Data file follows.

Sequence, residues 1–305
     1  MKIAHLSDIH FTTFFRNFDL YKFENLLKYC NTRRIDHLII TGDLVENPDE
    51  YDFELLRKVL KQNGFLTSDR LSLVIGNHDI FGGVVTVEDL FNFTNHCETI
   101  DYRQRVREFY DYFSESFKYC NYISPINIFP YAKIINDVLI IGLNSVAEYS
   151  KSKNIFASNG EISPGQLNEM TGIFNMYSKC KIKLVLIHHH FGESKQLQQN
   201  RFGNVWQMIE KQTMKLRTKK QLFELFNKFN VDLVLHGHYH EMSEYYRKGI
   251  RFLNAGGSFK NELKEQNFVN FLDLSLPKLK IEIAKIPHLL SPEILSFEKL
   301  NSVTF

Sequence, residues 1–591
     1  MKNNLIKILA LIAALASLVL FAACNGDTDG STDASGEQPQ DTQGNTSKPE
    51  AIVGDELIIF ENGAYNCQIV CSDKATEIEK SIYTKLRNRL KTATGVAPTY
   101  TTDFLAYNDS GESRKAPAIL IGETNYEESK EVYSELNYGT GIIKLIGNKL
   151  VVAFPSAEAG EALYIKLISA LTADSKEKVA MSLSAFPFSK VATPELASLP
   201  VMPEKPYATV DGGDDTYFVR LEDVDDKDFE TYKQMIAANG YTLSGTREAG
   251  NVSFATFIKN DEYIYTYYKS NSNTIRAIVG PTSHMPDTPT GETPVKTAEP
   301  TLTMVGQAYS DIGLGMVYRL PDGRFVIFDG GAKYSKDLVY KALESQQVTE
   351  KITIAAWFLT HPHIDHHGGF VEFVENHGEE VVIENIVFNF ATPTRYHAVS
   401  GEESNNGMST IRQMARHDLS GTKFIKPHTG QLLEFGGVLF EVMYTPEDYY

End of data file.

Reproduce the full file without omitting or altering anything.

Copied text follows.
Sequence, residues 1–305
     1  MKIAHLSDIH FTTFFRNFDL YKFENLLKYC NTRRIDHLII TGDLVENPDE
    51  YDFELLRKVL KQNGFLTSDR LSLVIGNHDI FGGVVTVEDL FNFTNHCETI
   101  DYRQRVREFY DYFSESFKYC NYISPINIFP YAKIINDVLI IGLNSVAEYS
   151  KSKNIFASNG EISPGQLNEM TGIFNMYSKC KIKLVLIHHH FGESKQLQQN
   201  RFGNVWQMIE KQTMKLRTKK QLFELFNKFN VDLVLHGHYH EMSEYYRKGI
   251  RFLNAGGSFK NELKEQNFVN FLDLSLPKLK IEIAKIPHLL SPEILSFEKL
   301  NSVTF

Sequence, residues 1–591
     1  MKNNLIKILA LIAALASLVL FAACNGDTDG STDASGEQPQ DTQGNTSKPE
    51  AIVGDELIIF ENGAYNCQIV CSDKATEIEK SIYTKLRNRL KTATGVAPTY
   101  TTDFLAYNDS GESRKAPAIL IGETNYEESK EVYSELNYGT GIIKLIGNKL
   151  VVAFPSAEAG EALYIKLISA LTADSKEKVA MSLSAFPFSK VATPELASLP
   201  VMPEKPYATV DGGDDTYFVR LEDVDDKDFE TYKQMIAANG YTLSGTREAG
   251  NVSFATFIKN DEYIYTYYKS NSNTIRAIVG PTSHMPDTPT GETPVKTAEP
   301  TLTMVGQAYS DIGLGMVYRL PDGRFVIFDG GAKYSKDLVY KALESQQVTE
   351  KITIAAWFLT HPHIDHHGGF VEFVENHGEE VVIENIVFNF ATPTRYHAVS
   401  GEESNNGMST IRQMARHDLS GTKFIKPHTG QLLEFGGVLF EVMYTPEDYY